The following table lists common “portmanteau” names for linear models. Note that different traditions/disciplines might use one particular name more often than the others.

My usual recommendation is to move away from using specific names like “logistic regression” or “mixed-effects models” and instead just specify what kind of components your linear model has (see the Description column in the table).

Formula Description Names
lm(y ~ x) Linear model with one predictor x using a Gaussian distribution for the outcome variable y simple linear regression, simple linear model
lm(y ~ x + z + ...) Linear model with two predictors or more using a Gaussian distribution for the outcome variable y multiple linear regression, multiple linear model
glm(y ~ x + ..., family = "binomial") Linear model with one or more predictors using a Bernoulli distribution for the outcome variable y logistic regression, binomial regression, general(ised) linear model
lmer(y ~ x + ... + (1 | z)) Linear model with one or more predictors, including one or more random intercepts, using a Gaussian distribution for the outcome variable y. mixed-effects models, nested models, hierarchical models, multilevel models, cross-effects models (plus combinations of those and “linear” or “regression”)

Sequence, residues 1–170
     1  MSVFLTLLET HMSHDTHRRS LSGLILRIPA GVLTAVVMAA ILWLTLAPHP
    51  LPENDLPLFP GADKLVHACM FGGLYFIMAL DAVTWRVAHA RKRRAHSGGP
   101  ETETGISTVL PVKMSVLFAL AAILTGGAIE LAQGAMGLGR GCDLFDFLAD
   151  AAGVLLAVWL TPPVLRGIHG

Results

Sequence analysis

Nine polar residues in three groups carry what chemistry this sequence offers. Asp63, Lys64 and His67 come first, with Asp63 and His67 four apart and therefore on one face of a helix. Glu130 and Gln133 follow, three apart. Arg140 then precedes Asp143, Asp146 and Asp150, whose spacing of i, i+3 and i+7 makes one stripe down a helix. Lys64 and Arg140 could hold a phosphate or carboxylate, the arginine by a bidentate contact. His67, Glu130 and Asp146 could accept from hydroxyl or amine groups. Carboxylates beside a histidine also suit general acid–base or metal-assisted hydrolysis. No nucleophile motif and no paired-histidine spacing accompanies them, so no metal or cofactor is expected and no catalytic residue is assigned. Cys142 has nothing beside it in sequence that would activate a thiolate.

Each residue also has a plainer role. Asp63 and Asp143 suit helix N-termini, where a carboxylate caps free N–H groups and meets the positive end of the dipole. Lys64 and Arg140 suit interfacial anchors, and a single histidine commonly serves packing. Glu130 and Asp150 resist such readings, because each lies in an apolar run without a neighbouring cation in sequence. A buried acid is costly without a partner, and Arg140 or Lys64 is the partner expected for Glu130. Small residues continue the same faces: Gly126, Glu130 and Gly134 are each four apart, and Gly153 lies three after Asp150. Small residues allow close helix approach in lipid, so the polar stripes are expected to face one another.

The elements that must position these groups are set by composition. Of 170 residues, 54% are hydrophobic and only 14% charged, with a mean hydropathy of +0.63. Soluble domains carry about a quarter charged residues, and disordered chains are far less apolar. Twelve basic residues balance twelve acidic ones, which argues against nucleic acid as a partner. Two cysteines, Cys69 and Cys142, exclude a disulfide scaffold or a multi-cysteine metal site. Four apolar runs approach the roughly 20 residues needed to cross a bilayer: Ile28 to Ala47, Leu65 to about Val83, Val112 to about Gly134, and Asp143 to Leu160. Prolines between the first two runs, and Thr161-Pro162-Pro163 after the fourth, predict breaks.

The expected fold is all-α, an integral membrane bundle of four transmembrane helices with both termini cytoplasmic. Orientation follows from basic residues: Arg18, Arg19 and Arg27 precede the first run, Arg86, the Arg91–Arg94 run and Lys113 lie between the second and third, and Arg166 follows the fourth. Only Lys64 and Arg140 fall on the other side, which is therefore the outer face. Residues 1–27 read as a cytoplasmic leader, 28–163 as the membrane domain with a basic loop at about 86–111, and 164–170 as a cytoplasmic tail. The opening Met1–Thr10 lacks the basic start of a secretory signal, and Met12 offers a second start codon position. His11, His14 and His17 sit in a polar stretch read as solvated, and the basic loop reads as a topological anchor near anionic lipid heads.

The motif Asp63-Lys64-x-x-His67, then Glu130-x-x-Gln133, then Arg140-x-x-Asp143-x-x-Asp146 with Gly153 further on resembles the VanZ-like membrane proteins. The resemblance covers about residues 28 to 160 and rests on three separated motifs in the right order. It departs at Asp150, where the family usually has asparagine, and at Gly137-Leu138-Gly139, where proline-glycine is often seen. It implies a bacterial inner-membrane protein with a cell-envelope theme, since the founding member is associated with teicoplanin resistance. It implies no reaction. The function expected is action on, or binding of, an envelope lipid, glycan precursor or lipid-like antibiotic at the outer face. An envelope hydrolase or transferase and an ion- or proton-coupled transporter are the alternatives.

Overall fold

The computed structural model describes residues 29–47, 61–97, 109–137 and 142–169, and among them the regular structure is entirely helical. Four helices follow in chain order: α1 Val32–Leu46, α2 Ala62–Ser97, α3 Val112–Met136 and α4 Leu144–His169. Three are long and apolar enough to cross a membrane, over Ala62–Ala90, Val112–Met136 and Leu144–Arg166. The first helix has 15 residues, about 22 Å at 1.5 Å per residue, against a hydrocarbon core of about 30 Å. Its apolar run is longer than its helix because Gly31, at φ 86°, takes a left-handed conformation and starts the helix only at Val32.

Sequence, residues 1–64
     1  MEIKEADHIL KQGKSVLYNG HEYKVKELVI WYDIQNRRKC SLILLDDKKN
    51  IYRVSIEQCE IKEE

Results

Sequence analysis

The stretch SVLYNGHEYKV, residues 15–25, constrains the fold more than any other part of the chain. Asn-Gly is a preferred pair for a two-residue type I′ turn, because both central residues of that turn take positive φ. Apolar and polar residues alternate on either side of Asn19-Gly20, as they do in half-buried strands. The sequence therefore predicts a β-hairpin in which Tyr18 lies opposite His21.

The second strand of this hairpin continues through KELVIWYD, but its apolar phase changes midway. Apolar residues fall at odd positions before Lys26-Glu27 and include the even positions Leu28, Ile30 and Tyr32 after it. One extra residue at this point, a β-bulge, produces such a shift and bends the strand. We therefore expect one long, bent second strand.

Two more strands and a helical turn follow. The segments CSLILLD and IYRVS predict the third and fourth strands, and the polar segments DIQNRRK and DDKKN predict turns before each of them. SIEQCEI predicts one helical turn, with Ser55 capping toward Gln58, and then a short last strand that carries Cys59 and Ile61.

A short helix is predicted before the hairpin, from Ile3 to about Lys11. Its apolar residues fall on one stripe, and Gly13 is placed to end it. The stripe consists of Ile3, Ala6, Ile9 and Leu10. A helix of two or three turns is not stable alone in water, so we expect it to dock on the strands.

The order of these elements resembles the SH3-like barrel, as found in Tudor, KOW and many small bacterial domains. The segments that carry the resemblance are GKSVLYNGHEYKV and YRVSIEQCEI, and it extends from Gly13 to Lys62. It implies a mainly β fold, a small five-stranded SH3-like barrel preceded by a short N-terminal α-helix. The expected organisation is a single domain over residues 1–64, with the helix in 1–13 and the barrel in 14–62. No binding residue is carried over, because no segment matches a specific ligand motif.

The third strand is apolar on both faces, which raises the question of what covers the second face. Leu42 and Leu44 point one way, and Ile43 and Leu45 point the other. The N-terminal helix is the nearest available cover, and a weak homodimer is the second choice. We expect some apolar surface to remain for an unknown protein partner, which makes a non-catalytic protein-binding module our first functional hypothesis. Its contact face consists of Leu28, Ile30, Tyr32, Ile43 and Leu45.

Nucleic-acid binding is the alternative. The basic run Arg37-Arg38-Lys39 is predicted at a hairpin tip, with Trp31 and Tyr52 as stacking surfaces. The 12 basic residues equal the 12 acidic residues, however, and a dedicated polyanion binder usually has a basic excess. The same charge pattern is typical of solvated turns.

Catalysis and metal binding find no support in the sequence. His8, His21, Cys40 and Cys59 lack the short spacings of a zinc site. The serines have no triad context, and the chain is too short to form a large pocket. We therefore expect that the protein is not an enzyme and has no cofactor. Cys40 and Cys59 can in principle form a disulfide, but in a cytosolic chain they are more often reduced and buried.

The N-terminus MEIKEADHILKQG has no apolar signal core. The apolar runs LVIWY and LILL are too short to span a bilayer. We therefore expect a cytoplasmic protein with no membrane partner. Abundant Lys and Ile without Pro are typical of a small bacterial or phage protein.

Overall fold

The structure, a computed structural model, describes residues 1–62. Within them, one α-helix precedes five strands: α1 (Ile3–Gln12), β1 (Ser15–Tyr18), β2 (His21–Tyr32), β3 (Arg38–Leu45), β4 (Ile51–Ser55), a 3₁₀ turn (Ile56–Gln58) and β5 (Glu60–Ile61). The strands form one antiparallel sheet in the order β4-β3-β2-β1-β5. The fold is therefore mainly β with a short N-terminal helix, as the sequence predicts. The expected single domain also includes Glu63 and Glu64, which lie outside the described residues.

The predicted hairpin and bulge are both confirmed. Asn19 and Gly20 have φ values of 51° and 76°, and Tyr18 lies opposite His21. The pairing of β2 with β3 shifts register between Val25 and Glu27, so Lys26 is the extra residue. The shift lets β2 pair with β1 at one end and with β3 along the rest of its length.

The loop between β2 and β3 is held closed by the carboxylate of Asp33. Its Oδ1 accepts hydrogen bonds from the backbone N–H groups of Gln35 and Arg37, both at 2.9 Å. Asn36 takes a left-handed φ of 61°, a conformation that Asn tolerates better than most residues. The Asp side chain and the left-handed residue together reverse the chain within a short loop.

lmer(y ~ x + ... + (w | z)) Linear model with one or more predictors, including one or more random intercepts and one or more random slopes, using a Gaussian distribution for the outcome variable y. Same as above. Sometimes “random-slope models”
glmer(y ~ x + ... + (w | z), family = "binomial") Linear model with one or more predictors, including one or more random intercepts and one or more random slopes, using a Bernoulli distribution for the outcome variable y. Same as above, but includes “logistic”, “binomial” or “general(ised)” in the name
glm(..., family = "poisson") Linear model with one or more predictors, including one or more random intercepts and one or more random slopes, using a Poisson distribution for the outcome variable y. Same as above but includes “Poisson” in the name

Note: When specifying the binomial family in glmer(), the Bernoulli family is selected automatically under the hood